Hitler is starting to become more well-known and powerful in Germany. The villagers get excited about celebrating Hitler's birthday. It seems the only one with any real sense in the village is Katharina Simon, the mother of Paul. She is a down-to-earth, no nonsense woman with a big loving heart for her own children and other people. Katharina is very skeptical of this Hitler character and she decides to get of the village rather than stick around for the Hitler worship. She visits her brother in Bochum. Her nephew Fritz is said to be a communist and he is arrested and sent to a camp where he is to be "reeducated". Katharina takes Fritz's young daughter, blond-headed Lotti, with her back to Schabbach as part of her family. Back home Katharina is further upset with all the Hitler mania. She asks her grandson Anton to tell everyone he has a weak heart and to never put on any kind of fascist-inspired uniform.
Episode 3. The Best Christmas Ever (1935).
From Berlin the sickly Eduard brings his wife Lucie home to Schabbach. Lucie is an extremely ambitious woman and wants her husband to rise politically. She constantly henpecks poor Eduard to figure out a way to become more and more successful. Eduard's real love, however, is his photography. He is always taking pictures of all kinds of village events and village people. But Lucie pushes him to become a prominent local person in the Nazi Party.
Lucie gets Eduard to borrow money from a Jewish banker (despite the hatred of Hitler for the Jews) with which she builds her "dream" house which is the most prominent house in the village. Eduard soon becomes mayor and Lucie revels in her role as the village's first lady, constantly entertaining Nazi party officials so that Eduard will be able to rise even higher in the fascist power hierarchy. Christmas Time, 1935 Lucie is sitting pretty and considers it the best Christmas ever.
1935 -- the Nuremberg Laws strip Jewish people of their basic civil rights. The Jews are becoming legally, socially and politically separated from the non-Jewish Germans. Inter-faith marriage, or even sexual relations, with Jews is strictly forbidden.
Episode 4. The Highway (1938).
1938 -- to escape the politically worsening situation in Germany, the famous German movie star Marlene Dietrich emigrates to the United States. A young Swedish girl named Zarah Leander with a lovely singing voice (whose grandparents were actually Jewish) becomes Dietrich's replacement. Many of the women in Schabbach simply adore seeing a Zarah Leander romantic musical. Maria, Paul's wife, and Pauline, Paul's sister, return from such a movie and have great fun as Pauline styles her hair in the Zarah Leander fashion.
But Maria is still very sad. It has been ten years since Paul left her and her two children: Anton and Ernst. She is the only one of the family who still believes that Paul will return one day. But she is very restless after so many years. So it is no wonder that she responds so well to the family's new boarder, chief engineer Otto Wohlleben who is working on the new highway being built in the area. Otto helps Ernst with the building and flying of model gliders and they develop a close relationship. Otto fractures his right arm in three places and has to have his arm set in a cast. Maria takes care of Otto and the two fall in love.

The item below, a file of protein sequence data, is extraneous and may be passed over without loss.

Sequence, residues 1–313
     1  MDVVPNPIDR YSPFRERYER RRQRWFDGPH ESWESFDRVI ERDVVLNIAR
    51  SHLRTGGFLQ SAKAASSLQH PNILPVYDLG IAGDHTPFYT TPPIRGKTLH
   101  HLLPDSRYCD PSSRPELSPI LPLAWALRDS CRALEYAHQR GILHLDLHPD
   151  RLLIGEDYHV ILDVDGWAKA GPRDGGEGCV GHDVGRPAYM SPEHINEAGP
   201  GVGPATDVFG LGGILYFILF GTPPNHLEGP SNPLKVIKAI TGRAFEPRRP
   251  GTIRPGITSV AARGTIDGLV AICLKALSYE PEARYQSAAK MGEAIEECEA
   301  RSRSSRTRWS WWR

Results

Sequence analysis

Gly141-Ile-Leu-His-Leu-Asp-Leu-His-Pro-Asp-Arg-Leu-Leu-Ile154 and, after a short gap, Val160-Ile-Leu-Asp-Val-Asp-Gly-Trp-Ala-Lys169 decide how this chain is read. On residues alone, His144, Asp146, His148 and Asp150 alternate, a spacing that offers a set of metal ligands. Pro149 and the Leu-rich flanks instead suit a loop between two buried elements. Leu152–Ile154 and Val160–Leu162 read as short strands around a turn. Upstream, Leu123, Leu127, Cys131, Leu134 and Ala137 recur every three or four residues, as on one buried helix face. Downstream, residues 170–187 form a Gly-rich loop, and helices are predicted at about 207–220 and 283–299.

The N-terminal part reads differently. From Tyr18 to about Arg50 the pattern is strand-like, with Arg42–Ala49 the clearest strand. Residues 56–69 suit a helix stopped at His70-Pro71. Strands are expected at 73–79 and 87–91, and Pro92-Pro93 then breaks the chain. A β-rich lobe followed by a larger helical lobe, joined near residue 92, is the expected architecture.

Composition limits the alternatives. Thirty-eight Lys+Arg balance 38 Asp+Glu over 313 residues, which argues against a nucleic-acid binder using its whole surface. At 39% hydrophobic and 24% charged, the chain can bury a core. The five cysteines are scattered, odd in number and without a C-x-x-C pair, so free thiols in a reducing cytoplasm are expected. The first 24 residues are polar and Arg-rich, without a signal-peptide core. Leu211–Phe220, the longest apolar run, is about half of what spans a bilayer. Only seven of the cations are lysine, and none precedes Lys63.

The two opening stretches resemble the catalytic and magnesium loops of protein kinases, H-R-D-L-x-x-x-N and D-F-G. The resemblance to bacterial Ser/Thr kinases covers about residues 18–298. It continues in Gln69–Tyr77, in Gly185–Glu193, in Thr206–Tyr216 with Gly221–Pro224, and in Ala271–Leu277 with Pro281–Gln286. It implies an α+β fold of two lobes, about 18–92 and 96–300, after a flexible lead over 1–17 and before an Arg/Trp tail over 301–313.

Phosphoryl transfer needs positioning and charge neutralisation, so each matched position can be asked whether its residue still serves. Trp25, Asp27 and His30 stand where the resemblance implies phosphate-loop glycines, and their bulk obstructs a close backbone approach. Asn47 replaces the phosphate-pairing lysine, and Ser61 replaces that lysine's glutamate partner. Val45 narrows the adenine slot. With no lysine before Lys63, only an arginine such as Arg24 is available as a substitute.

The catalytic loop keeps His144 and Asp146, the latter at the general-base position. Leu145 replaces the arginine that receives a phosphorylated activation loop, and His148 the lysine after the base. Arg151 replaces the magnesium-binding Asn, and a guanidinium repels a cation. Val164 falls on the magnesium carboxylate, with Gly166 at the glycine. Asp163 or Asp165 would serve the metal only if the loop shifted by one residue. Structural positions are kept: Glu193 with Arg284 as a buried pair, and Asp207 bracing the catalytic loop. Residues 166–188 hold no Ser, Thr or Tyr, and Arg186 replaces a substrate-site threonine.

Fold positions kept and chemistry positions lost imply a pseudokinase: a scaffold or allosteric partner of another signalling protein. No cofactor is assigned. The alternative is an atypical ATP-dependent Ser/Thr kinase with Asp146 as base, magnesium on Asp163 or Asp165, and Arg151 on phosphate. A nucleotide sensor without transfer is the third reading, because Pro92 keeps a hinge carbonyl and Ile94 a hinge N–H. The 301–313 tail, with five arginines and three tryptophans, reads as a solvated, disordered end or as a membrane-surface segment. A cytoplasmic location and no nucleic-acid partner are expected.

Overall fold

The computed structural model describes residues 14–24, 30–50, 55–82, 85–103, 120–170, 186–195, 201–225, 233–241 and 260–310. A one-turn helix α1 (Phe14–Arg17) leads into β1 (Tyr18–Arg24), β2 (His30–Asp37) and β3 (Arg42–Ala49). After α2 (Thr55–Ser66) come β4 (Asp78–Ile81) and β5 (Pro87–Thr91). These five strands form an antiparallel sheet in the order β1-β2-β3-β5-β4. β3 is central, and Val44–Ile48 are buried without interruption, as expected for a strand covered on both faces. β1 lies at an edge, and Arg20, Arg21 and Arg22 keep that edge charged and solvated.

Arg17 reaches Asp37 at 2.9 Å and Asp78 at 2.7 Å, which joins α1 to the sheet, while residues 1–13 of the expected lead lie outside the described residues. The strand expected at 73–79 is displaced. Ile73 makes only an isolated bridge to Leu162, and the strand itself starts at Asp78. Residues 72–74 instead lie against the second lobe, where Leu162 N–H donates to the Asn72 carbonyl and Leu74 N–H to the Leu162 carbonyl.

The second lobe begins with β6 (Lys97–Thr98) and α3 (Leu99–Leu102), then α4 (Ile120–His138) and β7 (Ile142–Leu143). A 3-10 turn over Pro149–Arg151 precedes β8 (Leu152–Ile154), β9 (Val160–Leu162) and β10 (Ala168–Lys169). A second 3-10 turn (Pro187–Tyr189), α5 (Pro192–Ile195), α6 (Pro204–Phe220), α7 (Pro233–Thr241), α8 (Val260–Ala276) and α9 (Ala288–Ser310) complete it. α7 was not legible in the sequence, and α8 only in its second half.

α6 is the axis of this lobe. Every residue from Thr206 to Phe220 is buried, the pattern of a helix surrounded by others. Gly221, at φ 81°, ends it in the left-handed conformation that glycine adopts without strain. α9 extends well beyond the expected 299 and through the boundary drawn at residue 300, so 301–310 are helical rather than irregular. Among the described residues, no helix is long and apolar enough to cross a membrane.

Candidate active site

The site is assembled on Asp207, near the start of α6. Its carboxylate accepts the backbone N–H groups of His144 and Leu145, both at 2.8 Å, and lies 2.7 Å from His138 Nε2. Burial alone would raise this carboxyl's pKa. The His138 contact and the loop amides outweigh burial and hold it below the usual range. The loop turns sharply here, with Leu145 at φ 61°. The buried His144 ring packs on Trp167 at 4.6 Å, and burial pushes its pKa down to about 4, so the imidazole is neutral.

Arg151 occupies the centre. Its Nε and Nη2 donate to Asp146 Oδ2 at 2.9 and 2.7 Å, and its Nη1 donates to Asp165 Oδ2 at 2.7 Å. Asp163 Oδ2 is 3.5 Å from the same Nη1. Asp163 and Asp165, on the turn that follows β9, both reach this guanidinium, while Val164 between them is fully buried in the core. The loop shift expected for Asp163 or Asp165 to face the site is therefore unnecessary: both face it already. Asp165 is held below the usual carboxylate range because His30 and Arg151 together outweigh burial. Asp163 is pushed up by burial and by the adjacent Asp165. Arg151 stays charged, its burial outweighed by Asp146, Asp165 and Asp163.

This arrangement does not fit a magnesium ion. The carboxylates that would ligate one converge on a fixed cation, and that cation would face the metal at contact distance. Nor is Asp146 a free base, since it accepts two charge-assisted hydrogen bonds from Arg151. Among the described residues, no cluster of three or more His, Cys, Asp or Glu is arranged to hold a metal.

Episode 5: Up and Away and Back (1938-1939).
1938 (June) -- German heavy-weight boxer Max Schmeling loses badly in a rematch with American boxer Joe Louis.
A bombshell is dropped on Maria and Otto. Paul Simon of Simon Electric Incorporated, Detroit, Michigan, USA, has written to Maria telling her that he is returning to Germany on August 30, 1939, two days before the start of World War II. Paul wrote that he has been worried because of all the bad news about Germany in the press and wants to make sure his family is all right.
Maria is devastated and almost panicky. This could not have happened at a worse time, since she now loves Otto and no longer loves Paul. In fact, she is very resentful of Paul who abandoned her and her two children. But as the day of Paul's arrival arrives, Maria becomes so scared of the unknown that she sends Otto away. Naturally, Otto is devastated by having to leave. (Otto, because of some Jewish ancestors, is fired from his job as chief engineer.)
On August 30 Maria learns that Paul cannot get off the ship without proof of his Aryan ancestry. To the fascists, the last name of Simon sounds too Jewish. Paul has only three days to get the proof. He talks with Maria on the phone about his problem. Maria has Eduard try to get the necessary papers, but three days is just too little time to get the necessary proof. Paul has to remain on the ship and then has to return to the United States. Maria returns to her village without really seeing Paul.
1939 (September 1) -- Hitler invades Poland starting World War II.
1942 -- the Wannsee Conference fine tunes the Final Solution to eradicate European Jews.
Episode 6. The Home Front (1943).
1943 -- the last large-scale German offensive assault on the eastern front begins at Kursk. The military situation really begins to deteriorate for the Germans in the Soviet Union.